Rotigotine Trade name Neupro

Pregnancy category AU: B3

Routes of administration-Transdermal patch

Bioavailability 37% transdermally

Protein binding 92%

Metabolism Hepatic (CYP-mediated)

Elimination half-life 5–7 hours

Excretion Urine (71%), Fecal (23%)

Rotigotine, is a dopamine agonist of the non-ergoline class of medications indicated for the treatment of Parkinson’s disease and restless legs syndrome.

It is a once-daily transdermal patch which provides a slow and constant supply of the drug over the course of 24 hours.

Like other dopamine agonists, rotigotine has been shown to possess antidepressant effects and may be useful in the treatment of depression as well.

Side effects include  constipation, dyskinesia, nausea, vomiting, dizziness, fatigue, insomnia, somnolence, confusion, and hallucinations.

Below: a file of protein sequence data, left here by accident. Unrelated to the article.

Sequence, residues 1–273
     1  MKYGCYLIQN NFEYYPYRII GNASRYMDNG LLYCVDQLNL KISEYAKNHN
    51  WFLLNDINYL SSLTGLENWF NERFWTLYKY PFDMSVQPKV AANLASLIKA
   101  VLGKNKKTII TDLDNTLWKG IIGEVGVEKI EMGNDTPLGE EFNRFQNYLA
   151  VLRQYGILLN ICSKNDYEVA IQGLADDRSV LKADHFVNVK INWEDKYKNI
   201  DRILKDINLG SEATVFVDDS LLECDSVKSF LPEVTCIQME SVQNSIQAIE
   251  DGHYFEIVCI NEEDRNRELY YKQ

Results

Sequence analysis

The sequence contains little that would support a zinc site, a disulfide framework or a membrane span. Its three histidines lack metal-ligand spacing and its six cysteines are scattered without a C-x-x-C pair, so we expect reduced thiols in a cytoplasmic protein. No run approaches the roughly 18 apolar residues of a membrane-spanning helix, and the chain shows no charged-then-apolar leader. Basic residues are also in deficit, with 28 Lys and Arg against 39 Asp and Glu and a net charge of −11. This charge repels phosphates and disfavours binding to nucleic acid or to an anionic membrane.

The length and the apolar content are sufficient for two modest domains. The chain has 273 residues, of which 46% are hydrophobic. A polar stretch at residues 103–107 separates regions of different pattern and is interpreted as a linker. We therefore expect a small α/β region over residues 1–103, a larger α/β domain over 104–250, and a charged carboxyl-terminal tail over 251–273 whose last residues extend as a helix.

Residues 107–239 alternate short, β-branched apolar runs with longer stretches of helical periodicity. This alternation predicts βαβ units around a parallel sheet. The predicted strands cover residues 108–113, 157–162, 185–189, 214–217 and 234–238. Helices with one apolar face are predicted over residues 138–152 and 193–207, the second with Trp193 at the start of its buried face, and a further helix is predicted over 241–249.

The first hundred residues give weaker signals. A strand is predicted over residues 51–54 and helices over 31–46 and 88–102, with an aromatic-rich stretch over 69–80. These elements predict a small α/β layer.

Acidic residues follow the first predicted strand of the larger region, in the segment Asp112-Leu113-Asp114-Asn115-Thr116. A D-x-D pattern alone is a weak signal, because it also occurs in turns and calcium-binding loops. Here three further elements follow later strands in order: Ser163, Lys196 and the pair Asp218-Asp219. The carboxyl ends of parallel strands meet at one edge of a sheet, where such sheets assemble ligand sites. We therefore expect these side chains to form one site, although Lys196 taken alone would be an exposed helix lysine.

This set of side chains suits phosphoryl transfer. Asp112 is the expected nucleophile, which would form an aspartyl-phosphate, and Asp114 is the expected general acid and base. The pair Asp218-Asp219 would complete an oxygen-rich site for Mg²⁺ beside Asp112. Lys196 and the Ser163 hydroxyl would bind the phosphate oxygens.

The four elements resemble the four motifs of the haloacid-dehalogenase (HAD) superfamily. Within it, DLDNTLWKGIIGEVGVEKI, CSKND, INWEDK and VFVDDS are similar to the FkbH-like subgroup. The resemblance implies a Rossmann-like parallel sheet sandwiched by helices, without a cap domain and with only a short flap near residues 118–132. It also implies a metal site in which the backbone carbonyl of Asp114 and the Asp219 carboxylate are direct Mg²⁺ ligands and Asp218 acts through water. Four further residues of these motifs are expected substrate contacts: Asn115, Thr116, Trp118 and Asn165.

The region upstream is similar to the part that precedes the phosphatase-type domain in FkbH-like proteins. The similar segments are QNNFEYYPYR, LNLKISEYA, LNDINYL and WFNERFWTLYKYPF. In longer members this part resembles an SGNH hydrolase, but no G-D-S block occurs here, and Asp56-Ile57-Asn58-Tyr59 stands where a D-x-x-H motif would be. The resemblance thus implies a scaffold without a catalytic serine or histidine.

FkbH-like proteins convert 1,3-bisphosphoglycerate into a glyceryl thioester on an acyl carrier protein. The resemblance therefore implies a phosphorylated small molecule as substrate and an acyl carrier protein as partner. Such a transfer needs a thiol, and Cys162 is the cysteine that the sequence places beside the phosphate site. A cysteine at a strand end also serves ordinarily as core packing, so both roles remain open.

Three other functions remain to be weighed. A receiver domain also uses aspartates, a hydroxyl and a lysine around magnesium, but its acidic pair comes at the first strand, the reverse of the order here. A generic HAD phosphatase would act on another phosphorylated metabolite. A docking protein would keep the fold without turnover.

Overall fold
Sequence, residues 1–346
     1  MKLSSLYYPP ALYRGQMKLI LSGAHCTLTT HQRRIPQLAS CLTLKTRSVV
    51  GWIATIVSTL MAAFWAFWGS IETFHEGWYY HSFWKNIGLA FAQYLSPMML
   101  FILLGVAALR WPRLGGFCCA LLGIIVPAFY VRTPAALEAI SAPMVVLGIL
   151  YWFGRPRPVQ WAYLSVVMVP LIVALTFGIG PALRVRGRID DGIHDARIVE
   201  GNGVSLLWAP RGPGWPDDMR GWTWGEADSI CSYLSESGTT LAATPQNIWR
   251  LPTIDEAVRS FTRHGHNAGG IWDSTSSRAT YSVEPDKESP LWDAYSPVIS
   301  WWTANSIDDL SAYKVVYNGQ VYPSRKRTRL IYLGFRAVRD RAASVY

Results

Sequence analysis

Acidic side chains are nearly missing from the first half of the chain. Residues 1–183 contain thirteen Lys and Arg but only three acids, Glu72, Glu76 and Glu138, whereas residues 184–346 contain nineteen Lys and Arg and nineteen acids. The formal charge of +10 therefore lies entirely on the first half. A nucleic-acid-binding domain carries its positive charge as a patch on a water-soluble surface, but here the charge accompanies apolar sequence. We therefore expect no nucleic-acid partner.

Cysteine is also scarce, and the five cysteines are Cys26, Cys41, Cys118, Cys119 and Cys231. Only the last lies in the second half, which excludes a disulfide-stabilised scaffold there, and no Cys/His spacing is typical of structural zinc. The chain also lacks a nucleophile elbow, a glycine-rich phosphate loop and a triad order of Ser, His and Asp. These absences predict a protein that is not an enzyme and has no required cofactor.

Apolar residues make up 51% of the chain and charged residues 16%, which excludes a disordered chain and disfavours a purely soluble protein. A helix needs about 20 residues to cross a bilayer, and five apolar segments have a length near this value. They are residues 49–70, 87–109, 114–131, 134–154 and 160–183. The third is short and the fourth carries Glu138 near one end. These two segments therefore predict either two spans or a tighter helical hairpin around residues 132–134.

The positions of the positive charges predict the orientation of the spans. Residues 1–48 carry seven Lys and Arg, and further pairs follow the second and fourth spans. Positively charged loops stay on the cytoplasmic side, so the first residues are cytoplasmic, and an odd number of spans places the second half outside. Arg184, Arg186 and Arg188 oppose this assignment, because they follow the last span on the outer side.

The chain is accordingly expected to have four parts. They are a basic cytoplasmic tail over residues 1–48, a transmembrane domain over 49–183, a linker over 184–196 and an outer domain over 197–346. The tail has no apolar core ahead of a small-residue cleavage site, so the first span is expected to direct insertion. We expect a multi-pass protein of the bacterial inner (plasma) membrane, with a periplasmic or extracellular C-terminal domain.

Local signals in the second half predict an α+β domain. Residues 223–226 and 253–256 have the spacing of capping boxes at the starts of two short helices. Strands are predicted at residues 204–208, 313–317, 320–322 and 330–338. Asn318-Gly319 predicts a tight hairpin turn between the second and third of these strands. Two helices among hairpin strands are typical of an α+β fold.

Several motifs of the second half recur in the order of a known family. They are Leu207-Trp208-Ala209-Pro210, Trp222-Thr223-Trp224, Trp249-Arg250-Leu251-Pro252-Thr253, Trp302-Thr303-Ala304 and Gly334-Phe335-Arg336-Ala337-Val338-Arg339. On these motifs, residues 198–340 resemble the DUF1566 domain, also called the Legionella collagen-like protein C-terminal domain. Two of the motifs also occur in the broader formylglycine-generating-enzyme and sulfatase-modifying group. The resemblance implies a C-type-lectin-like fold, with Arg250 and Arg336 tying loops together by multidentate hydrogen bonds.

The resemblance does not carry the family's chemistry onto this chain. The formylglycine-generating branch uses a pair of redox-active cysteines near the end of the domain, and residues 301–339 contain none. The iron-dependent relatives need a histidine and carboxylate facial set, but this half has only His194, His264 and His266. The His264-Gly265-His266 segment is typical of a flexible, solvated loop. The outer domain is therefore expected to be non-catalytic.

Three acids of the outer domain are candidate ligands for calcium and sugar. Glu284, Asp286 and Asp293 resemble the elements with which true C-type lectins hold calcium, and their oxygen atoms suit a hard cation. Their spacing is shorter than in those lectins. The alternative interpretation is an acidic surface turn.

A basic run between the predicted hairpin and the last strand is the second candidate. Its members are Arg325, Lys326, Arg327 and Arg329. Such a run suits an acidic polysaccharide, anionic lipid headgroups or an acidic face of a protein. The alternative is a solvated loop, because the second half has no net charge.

More serious complications can include psychosis and impulse control disorders like hypersexuality, punding, and pathological gambling.

Mild adverse skin reactions at the patch application site may also occur.[

Rotigotine acts as a non-selective agonist of the dopamine D1, D2, D3, and, to a lesser extent, D4 and D5 receptors,

It has the highest affinity for the D3 receptor.

It has 10-fold selectivity for the D3 receptor over the D2, D4, and D5 receptors and 100-fold selectivity for the D3 receptor over the D1 receptor.

In functional studies however, rotigotine behaves as a full agonist of D1, D2, and D3 with similar potencies.

At clinical doses rotigotine behaves mostly as a selective D1-like (D1, D5) and D2-like (D2, D3, D4) receptor agonist, with its α2B-adrenergic and 5-HT1A activity also possibly having some minor relevance.

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